Thoughts on Halloween

First, let’s lay out the landscape of the phenomenology of Halloween as it is experienced in America. Then, let’s analyze its propriety. There are two axes of analysis that I will highlight.


Children and young people dress up in costumes and go door-to-door to get a sweet, the password for obtaining this favor being to call out, “trick or treat.” The grammar of this expression is a command coupled with a threat: “give me a treat, or I’ll play a trick on you.” Today, the threat is mostly an idle one. Clearly the statement has become a linguistic formula deracinated from its original meaning.

It wasn’t always so. In my mother’s childhood, in 1920s North Dakota at least, boys did play tricks. The one that seemed to be etched most vividly in her memory was tipping over the outhouse. My mother was sweet and gentle, and she told of the boys’ escapades without any rancor or resentment; even, with a bit of a twinkle in her eye. It was narrative without moralizing. It reminds a bit of the hobo in That Hideous Strength, with his bemused descriptions of the connivances of wicked men: “a rum thing” he would say, with a slap on the knee.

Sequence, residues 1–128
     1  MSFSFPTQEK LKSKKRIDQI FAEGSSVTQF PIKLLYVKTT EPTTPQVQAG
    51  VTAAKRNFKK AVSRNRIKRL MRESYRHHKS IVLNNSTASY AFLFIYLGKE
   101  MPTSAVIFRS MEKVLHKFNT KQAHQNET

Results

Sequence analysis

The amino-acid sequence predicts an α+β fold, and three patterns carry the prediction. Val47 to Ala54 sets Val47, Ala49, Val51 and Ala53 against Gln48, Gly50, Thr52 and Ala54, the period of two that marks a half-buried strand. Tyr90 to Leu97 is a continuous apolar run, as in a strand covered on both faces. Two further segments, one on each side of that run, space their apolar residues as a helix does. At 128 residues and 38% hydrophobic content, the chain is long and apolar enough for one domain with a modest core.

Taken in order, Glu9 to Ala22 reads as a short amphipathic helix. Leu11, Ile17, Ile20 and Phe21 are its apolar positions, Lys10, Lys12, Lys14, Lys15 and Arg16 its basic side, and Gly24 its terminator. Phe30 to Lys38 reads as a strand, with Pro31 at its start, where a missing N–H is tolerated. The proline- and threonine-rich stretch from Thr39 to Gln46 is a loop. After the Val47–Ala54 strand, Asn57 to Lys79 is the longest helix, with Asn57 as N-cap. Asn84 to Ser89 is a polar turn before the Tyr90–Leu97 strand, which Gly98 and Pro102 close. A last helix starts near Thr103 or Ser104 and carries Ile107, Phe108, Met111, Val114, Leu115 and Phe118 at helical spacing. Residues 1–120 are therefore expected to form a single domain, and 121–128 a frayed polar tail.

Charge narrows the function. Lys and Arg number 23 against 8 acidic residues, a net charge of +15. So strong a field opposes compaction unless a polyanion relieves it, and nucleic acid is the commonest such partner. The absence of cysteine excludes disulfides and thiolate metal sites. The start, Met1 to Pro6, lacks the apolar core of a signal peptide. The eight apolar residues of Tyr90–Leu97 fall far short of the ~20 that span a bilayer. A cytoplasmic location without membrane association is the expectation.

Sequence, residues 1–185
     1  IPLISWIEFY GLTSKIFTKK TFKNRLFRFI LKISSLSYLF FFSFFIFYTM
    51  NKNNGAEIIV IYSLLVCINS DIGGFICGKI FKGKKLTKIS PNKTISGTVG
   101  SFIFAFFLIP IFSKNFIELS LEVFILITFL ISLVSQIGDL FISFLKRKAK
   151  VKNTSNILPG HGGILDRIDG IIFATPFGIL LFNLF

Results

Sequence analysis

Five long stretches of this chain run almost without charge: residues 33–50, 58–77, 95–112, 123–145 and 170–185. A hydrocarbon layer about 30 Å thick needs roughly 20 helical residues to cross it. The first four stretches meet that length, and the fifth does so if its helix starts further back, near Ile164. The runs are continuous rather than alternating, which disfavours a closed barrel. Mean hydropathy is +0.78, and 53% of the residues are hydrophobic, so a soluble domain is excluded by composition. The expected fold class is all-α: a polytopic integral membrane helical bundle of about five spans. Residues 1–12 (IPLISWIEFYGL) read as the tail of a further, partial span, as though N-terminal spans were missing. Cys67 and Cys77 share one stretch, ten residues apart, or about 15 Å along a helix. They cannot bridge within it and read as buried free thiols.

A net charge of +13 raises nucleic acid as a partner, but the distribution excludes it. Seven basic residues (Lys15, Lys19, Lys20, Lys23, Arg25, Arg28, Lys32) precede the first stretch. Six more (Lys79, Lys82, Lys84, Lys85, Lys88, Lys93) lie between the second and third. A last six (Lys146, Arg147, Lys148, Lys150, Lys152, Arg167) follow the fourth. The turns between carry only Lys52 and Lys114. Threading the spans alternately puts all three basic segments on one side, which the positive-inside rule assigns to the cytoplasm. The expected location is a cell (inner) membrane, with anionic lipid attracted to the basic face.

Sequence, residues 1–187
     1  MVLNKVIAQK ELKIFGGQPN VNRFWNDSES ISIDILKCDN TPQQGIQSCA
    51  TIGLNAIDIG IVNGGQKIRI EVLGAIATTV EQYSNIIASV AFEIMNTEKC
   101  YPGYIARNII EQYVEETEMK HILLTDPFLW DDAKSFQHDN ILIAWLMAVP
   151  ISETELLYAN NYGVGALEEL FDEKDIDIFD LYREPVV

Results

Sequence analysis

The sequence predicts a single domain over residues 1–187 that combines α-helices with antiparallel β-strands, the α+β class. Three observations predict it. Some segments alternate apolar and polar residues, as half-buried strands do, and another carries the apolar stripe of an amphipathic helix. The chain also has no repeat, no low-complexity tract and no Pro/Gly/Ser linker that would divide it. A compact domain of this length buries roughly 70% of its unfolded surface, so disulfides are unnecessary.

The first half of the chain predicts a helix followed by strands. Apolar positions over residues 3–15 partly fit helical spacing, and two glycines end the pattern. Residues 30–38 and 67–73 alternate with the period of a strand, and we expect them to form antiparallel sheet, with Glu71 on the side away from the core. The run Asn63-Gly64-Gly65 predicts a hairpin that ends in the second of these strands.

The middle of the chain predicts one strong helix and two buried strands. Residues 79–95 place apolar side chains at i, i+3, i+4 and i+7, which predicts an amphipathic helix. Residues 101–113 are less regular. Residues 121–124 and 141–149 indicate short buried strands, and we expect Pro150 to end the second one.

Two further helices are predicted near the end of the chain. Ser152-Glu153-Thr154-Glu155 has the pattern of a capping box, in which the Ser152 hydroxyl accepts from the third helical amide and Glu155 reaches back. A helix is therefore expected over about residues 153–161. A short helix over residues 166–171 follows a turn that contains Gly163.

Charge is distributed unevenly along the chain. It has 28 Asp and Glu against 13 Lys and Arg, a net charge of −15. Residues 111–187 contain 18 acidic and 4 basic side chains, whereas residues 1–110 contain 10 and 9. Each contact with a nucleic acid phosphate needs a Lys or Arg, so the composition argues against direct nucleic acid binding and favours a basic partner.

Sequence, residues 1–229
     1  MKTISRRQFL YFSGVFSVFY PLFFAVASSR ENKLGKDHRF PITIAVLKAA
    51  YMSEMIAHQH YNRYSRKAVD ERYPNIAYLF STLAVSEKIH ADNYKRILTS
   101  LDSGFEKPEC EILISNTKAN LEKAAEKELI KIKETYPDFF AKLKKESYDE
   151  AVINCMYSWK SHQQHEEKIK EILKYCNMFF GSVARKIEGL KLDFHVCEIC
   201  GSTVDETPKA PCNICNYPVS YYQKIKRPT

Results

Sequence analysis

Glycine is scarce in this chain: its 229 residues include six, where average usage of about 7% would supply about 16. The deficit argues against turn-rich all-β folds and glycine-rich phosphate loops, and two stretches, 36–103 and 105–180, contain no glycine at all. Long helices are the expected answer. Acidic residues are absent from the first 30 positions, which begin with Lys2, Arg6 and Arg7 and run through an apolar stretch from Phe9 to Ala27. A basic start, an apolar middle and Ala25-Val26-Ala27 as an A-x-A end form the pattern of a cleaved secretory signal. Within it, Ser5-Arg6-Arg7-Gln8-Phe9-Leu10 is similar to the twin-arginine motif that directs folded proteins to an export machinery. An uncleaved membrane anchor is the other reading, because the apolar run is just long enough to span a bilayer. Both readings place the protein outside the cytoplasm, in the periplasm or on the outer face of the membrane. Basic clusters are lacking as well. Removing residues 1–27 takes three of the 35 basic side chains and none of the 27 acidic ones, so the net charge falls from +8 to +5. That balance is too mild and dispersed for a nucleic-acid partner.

I confess, that my instinctive reaction would probably be quite different. I’m inclined to think I would resent my outhouse being tipped over. But that German community took it in stride. “Boys will be boys,” I suppose. I assume it was understood that the boys would not burn the outhouses down. There was a tacit understanding of the limit on all sides. And within that limit, it was all in good fun.

The outhouse-tipping was not done, I think, in retaliation for failure to obtain a treat. Rather, the “tricks” were a kind of parallel activity that provided sense and meaning for the expression “trick or treat” called out by the more harmless children.

By the time of my childhood, the tricks were gone. We were interested in one thing only: maximizing the haul of candy. It continued well into teenage. We didn’t waste time. We hustled. We saturated a good mile radius, and filled more than one pillowcase with goodies. It was a serious, entrepreneurial business.